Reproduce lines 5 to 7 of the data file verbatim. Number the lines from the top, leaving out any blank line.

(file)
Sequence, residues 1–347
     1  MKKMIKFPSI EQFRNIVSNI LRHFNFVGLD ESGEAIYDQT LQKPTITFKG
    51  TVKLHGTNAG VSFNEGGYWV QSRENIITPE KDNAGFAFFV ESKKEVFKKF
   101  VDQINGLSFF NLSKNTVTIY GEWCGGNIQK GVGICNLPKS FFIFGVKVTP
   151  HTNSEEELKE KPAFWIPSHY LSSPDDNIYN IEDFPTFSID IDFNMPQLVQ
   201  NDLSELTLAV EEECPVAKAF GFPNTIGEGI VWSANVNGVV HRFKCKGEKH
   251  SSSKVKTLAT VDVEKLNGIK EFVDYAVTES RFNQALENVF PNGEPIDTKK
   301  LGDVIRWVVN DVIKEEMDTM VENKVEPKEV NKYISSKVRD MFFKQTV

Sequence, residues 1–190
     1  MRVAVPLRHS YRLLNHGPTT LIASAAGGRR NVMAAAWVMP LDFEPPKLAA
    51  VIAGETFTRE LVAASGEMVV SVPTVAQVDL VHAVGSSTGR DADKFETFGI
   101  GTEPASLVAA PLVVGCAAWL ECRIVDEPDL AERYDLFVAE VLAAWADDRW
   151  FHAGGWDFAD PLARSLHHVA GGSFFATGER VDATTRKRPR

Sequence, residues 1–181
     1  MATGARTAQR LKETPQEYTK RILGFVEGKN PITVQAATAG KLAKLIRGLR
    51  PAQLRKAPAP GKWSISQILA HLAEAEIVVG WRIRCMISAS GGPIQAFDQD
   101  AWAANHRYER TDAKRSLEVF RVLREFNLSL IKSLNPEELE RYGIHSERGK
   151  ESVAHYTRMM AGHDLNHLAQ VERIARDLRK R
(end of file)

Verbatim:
   151  HTNSEEELKE KPAFWIPSHY LSSPDDNIYN IEDFPTFSID IDFNMPQLVQ
   201  NDLSELTLAV EEECPVAKAF GFPNTIGEGI VWSANVNGVV HRFKCKGEKH
   251  SSSKVKTLAT VDVEKLNGIK EFVDYAVTES RFNQALENVF PNGEPIDTKK